- Infection Prevention Updates
- Materials for healthcare facilities
- Infection Prevention and You website
Natural disasters are an unfortunate reality of living on planet earth. Some recent natural disasters include: massive and devastating earthquakes (Nepal), tsunamis (Japan), hurricanes (New Orleans), tornadoes (Joplin, MO), cyclones (Vanuatu), landslides (Philippines), sinkholes (Florida), and forest fires (California).
So what are we to do when Mother Nature barges in and takes control? Be prepared. As hard as we wish we could predict the future, we simply cannot. We cannot reliably and accurately predict tomorrow evening’s winning lottery numbers, traffic on the expressway, or even a natural disaster. Our best option is to be prepared.
Fortunately, there are many resources to assist us in staying healthy and safe during and after a natural disaster.
- Ready.gov provides information on determining disaster risk, making a plan, building an emergency kit, and community considerations. There is also a special section for children that educates through age-appropriate activities and games.
- The National Library of Medicine and the American Red Cross offer free apps that provide instant access to basic CPR instructions, disaster checklists, shelters, and other helpful information.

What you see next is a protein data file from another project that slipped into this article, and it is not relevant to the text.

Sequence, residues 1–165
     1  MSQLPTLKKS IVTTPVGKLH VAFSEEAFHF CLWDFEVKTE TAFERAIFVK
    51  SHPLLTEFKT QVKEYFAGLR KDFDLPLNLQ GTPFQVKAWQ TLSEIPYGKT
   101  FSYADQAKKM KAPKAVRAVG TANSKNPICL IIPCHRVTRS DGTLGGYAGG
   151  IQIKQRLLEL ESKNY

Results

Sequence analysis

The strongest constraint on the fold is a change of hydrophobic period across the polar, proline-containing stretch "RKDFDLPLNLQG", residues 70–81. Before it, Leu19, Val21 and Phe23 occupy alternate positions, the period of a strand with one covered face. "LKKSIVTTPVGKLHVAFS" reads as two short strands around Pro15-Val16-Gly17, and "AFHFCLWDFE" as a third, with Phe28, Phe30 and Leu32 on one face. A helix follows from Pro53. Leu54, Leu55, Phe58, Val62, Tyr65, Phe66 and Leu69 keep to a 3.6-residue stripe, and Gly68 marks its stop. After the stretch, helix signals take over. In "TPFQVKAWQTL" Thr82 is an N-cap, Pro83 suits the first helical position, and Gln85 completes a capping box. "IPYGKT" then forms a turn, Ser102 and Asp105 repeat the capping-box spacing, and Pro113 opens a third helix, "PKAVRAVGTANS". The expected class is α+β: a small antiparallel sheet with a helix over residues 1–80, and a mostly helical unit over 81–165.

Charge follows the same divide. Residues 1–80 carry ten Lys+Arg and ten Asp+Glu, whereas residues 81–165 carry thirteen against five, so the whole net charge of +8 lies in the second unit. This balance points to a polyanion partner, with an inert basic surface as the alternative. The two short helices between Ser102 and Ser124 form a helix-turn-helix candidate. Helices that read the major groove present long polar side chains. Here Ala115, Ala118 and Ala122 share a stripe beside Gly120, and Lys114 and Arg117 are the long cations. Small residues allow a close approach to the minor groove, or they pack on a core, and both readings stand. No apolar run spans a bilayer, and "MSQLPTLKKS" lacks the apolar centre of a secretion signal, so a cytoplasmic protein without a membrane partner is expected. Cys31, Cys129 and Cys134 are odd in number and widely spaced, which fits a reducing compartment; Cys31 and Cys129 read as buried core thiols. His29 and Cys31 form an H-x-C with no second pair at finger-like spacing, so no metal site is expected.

- FEMA provides a full emergency preparedness guide, including checklists and tips.
- APIC provides multiple links to different agencies through its consumer website, Infection Prevention & You.
But what happens after a disaster? Many things will go through your mind, including safety, shelter, clean-up, and rebuilding. Through it all, it is important to remember to remain as safe and healthy as possible. Some important considerations during the recovery period include:
- Hand hygiene. Hand washing is the single most important way to prevent the spread of infection. If safe water sources are unavailable, utilize the hand sanitizer found in your emergency preparedness kit.
- When in doubt, throw it out. If food items have been compromised due to flooding or power outages, do not risk your health. Throw them out.
- Water. Do not drink contaminated water as it may harbor bacteria that can cause extreme illness. Check with your local water company to check on any alerts. Boiling is usually the recommended method for managing water.
- Injuries. Treat injuries promptly and seek emergency care. Make sure to keep wounds covered and clean.
- Hazards. Be careful of broken glass, downed power lines, contaminated water, and raw sewage. Make sure to wear protective clothing when dealing with debris. Do not use generators or camp stoves indoors.
These are just a few of the many things we can do to help us through a natural disaster. It is important to examine what risks are present in your area. Once you have determined your risk, take action and be prepared!
Disaster Apps and Mobile Optimized Web Pages—The National Library of Medicine
Disaster and Safety Library—American Red Cross
Guide to Citizen Preparedness—Federal Emergency Management Agency
Additional patient safety resources—APIC
Clean your hands often—Infection Prevention and You
Keep Food and Water Safe After a Disaster or Emergency—Centers for Disease Control and Prevention